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‘Very Asian’ anchor claps back after TV viewer’s complaint over dumpling soup remark

New York Daily News logo New York Daily News 1/3/2022 Theresa Braine
Journalist Michelle Li posted the segment on New Years Day food tradtions. The segment was the complaint of a viewer who left a message stating "she can keep her Korean to herself." © Provided by New York Daily News Journalist Michelle Li posted the segment on New Years Day food tradtions. The segment was the complaint of a viewer who left a message stating "she can keep her Korean to herself."

A TV anchor’s off-the-cuff mention of dumpling soup sparked one viewer’s fury ― and an outpouring of others grateful for a mention of their favorite traditional foods.

In reciting what Americans eat for New Year’s, KDSK-TV anchor Michelle Li rattled off the names of food or dishes, leaving out their ethnic connection.

“Greens actually symbolize wealth – you can guess why – black-eyed peas represent coins, luck or the promise of prosperity,” she said on her broadcast, naming the foods people may eat on the first day of the new year. “Cornbread is for gold, and eating it brings the hope of extra spending money in the new year. And then pork signifies prosperity and progress, because – get this – pigs root ahead as they eat, as opposed to backward, like chickens, or those turkeys.”

She ended with an off-the-cuff mention of her own heritage.

“I ate dumpling soup, because that’s what a lot of Korean people do,” Li said.

She wrote later she was both surprised and gratified to get thank-yous from people who felt represented at hearing the mention of an Asian Jan. 1 tradition.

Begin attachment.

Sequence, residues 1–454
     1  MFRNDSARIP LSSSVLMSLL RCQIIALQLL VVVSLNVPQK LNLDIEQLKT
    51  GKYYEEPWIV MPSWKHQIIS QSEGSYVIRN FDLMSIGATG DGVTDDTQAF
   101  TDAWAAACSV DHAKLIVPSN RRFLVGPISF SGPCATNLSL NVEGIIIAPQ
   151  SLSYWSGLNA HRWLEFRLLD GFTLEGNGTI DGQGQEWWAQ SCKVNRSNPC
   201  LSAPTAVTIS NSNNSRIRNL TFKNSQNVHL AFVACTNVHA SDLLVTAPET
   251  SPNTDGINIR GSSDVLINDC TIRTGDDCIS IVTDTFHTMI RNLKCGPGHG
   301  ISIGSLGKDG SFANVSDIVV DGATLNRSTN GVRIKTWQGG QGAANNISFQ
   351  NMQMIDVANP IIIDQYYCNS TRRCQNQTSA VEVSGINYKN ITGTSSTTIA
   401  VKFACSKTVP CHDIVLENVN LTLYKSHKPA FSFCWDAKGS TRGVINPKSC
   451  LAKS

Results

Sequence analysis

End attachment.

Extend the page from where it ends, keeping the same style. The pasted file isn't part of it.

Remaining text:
But one viewer called to complain Li hadn’t specifically mentioned white people.

“She can keep her Korean to herself,” the caller said on a voice mail message.

“Hi, this evening your Asian anchor mentioned something about being Asian, and Asian people eat dumplings on New Year’s Day,” the unidentified woman intoned. “And I kind of take offense to that because what if one of your white anchors said, ‘Well white people eat this on New Year’s Day.’ I don’t think it was very appropriate that she said that, and she was being very Asian. I don’t know. She can keep her Korean to herself. Alright, sorry. It was annoying. Because, if a white person would say that, they would get fired (chuckles). So, say something about what white people eat. Alright, thank you.”

The message was, as Li herself noted in a writeup of the response to the 30-second clip, “roughly a minute long — twice as long as the story itself, and about 10 times as many sentences.”

Li posted a video of herself listening to the voicemail message, with the comment, “I’d love to say something back.” The Twitter post has gotten more than 2 million views.

“Here’s what I notice as a journalist,” she wrote alongside the Instagram version. “When we say, ‘Americans eat this or that on New Year’s Day,’... what does that mean? Is there a default ‘American’? This is very subtle, but IYKYK...” (if you know, you know).

People rallied around Li, many naming their own favorite foods, and one making it a hashtag, #veryasian – a line now attached to her Facebook page description.

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